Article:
Bionic Passwords: Better, Stronger, and Faster.

Bionic Passwords: Better, Stronger, and Faster.

OK, we can’t get your passwords to become faster, but certainly we can give you tips on how to make them better and stronger (read: harder to break). Our last post on passwords gave a lot of information on how good passwords can be easily created, and we’ve come up with more ideas for you to secure your passwords.

A strong password is the first line of defense against anyone who would want to break into your account, so the tougher you make it on them, the less likely it will be that they get what they want. Use these tips to create a bionic password that will make it tougher to crack.

  • Get creative with words:

    You can get a lot of traction out of one word if you can figure out different ways to use it in your password. For example the word “crystal” is pretty clear (pun intended), but you can muddy it up a bit by doing things like removing all vowels, changing how it’s spelled, or reversing certain letters. Examples include “crstl”, “krYs+al”, and “ltsrc” (the first one, only backwards). Mix that up with another word to increase the length of the password and you’ll be good to go.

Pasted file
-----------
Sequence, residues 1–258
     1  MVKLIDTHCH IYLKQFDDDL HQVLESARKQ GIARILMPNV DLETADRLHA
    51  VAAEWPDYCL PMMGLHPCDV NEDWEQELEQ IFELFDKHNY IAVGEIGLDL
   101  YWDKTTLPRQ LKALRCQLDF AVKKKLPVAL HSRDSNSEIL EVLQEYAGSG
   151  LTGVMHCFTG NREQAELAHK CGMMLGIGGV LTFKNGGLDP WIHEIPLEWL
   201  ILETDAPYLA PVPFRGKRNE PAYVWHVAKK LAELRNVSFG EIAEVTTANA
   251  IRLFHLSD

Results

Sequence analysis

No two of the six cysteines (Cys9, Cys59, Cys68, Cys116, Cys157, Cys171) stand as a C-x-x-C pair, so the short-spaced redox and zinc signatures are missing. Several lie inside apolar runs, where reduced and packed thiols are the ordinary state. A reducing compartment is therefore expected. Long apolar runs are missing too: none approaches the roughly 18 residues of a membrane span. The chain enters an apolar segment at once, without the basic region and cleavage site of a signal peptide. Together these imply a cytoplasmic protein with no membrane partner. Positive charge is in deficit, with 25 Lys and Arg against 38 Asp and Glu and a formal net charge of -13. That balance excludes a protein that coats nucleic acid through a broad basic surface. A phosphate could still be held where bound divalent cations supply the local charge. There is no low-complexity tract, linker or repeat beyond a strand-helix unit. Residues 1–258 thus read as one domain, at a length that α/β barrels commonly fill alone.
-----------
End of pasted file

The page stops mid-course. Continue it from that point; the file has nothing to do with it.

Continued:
• The same word, only different:

    Maybe you like birds, and your favorite bird is the Pine Grosbeak bullfinch. Well, as we all know (sarcasm) the genus for those birds is “Pinicola”. Maybe you also happen to love Coca-Cola. You take out the “cola”, insert “Coke”, and now you have a 2-word password that’s easy to remember: “PiniCoke”. Substitute some of the characters to something like this: “p1niCok3” and you’re good to go.

  • Don’t use common number patterns:

    Your phone number, street address, even your jersey number from the high school football team… these are all very bad things to use in a password as they are. If you plan on using one of them, be sure to mix things up. If you live on 1313 Mockingbird Lane (Quick… what TV show is that address from? The first person to comment on the blog with the right answer gets a free year of StopSign.), you could use the street number like this: “+h1rT3en13”.

  • Mix it up: